Jun 12 2010
She is strong enough to fly but will never know what it feels like to soar.
The bald eagle was found on the ground, near her probable nesting spot, a few months after hatching. She likely survived on whatever herons dropped while feasting in nests above her.
Guardians tell Angel’s story almost every day. She was unable to fly because of a broken wing that hadn’t healed right, and by pure luck had escaped predators.
Surgery helped bone mend properly but couldn’t fix Angel’s deformed muscles, so that’s why she was moved in 2000 to Wabasha, Minn. The 11-year-old bird lives at the National Eagle Center, along the Mississippi River, where quick currents near the Chippewa Delta prevent river water from freezing in winter.
That means hundreds of bald eagles swoop, fish and land in the area – sometimes within view of awestruck visitors, who witness river life from the eagle center’s second-story observation deck and gigantic walls of windows.
Why Wabasha? Volunteers here formed Eagle Watch in 1989 because of their love for the birds and desire to become better informed about them. Soon they were local experts who raised money to build an observation deck near the river and strengthened relationships with like-minded groups, the U.S. Fish and Wildlife Service to the Sierra Club.
Many communities along the Mississippi River host annual eagle watching events, but the relentless enthusiasm and emphasis on education in Wabasha eventually led to construction of the 14,000-square-foot interpretive center, which opened in 2007.
Now artwork, film clips, taped interviews and five feathered residents teach the habits, history and legends associated with the raptors.
“We have a major migratory road here,” notes Bucky Flores, education program specialist. “The river’s water stays open here because of our geological formation, not because of the work of a lock and dam.
“A strong current comes through a narrow channel, so we’ll see hundreds of eagles on many winter days, especially when it’s cold and just after a snowfall.”
Three of the five birds that live indoors at the National Eagle Center were hit by motor vehicles as far away as California. Was’aka, whose name means “strength” in Dakota language, was found as a fledgling in Florida and is blind in one eye because of a tumor.
And then there is Angel. I met this middle-aged lady between bath time (in the river) and mealtime (a half-pound of raw carp and sheepshead) as storm clouds rolled in. She can fly 50 to 100 feet and sometimes is placed on a longer tether, to fly outdoors between handlers.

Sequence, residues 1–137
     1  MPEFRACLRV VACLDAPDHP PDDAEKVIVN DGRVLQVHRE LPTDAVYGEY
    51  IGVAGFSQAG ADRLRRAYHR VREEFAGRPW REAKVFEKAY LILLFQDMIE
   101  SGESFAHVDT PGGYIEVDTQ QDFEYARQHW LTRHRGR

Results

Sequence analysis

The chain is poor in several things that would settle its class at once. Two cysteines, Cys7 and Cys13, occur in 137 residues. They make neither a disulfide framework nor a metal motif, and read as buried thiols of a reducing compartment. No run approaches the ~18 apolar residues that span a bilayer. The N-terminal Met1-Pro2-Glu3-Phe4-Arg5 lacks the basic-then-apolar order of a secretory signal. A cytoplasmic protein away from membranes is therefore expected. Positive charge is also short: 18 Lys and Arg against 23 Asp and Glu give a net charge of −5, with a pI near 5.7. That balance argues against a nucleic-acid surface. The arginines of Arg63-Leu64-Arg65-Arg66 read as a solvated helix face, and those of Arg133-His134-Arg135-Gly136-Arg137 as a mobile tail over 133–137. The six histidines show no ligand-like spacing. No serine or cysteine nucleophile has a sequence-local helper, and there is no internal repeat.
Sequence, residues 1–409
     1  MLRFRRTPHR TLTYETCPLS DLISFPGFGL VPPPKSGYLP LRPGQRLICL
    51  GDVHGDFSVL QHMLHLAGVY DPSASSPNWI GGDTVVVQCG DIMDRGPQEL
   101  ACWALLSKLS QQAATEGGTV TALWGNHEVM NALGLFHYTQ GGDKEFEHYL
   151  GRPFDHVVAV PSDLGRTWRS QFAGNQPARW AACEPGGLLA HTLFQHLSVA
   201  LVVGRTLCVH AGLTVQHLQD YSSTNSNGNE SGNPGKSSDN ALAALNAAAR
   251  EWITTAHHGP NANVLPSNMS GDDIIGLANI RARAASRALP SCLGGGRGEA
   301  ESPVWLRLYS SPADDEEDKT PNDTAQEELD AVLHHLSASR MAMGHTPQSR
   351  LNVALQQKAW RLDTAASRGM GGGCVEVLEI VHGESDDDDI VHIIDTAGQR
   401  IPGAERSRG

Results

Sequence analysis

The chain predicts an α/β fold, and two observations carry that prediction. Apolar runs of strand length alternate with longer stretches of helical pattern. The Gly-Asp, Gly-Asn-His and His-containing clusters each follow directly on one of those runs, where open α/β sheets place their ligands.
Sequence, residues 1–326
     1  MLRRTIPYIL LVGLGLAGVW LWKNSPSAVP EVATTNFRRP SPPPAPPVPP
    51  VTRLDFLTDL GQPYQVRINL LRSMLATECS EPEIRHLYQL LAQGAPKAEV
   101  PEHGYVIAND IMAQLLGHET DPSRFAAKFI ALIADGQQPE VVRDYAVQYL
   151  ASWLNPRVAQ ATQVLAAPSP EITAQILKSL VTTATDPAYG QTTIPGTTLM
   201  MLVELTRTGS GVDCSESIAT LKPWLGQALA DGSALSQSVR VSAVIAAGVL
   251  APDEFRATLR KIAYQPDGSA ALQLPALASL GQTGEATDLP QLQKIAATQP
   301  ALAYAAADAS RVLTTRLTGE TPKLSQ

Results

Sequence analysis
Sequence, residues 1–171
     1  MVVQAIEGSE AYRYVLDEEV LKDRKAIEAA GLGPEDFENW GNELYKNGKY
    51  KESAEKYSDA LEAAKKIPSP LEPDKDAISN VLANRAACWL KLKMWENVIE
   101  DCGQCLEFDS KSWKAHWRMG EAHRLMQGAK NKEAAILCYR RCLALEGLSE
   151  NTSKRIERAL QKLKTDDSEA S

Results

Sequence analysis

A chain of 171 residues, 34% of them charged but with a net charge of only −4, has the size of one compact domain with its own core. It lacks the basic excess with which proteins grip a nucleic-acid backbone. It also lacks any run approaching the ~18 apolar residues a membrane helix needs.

“How much do you think she weighs,” asked Eileen Hanson, eagle care specialist. My guess: 35 pounds.
The correct answer was closer to 10; the puffiness of the bird’s 7,000 feathers can be a big fooler. “She’s just a big ol’ kite” underneath, Eileen says. One with a 7-foot wingspan.
Angel sure seemed content, unruffled by my gawking and majestic in demeanor. Thanks to indoor tethers, visitors get within five feet of some birds. No netting, wire mesh or glass partitions separate us – and this makes the experience more astounding than the typical wildlife rehab center.
Dakota legend has it that the largest eagles would carry the most important prayers to the heavens. I don’t know this as fact, but think of the words we associate with bald eagles: strength, valor, freedom.
“That’s what we fight for,” says Sgt. Al Cooper, a National Eagle Center board member, who also notes on videotape that “you’ll never see an eagle with its head down.”
For more about the National Eagle Center, 50 Pembroke Ave., Wabasha, Minn.: nationaleaglecenter.org, 877-332-537. Use the Hwy. 25 bridge to cross the Mississippi River. The $8 admission ($6 for ages over 62, $5 for ages 4-17, free for ages under 4) includes eagle education shows at 11 a.m., 1 p.m. and 3 p.m. daily.
Some of the birds that live at the National Eagle Center are former residents of the Raptor Center at the University of Minnesota, which since 1974 has taught veterinarians raptor surgery techniques and other avian medical care. The program is home to 30 eagles, owls, falcons and hawks. Another 800 birds are treated there per year.
The university’s three-year raptor medicine program is the only one like it in the world, and proactive research enhances raptor lives in other ways. One example: Work to study and re-establish a healthy habitat for peregrine falcons led to the bird’s removal from the endangered species list in 1999.
Research, rehab and public education projects also played a role in the bald eagle’s 2007 removal from the endangered species list.
The Raptor Center, 1920 Fitch Ave., St. Paul, is open to visitors Tuesday through Sunday. Staff present an educational program and tour from 1-2 p.m. Saturday and Sunday. Admission is $7.50 ($5 for students, senior citizens). Ages 2 or younger get in free.
For more: www.raptor.cvm.umn.edu, 612-624-4745.
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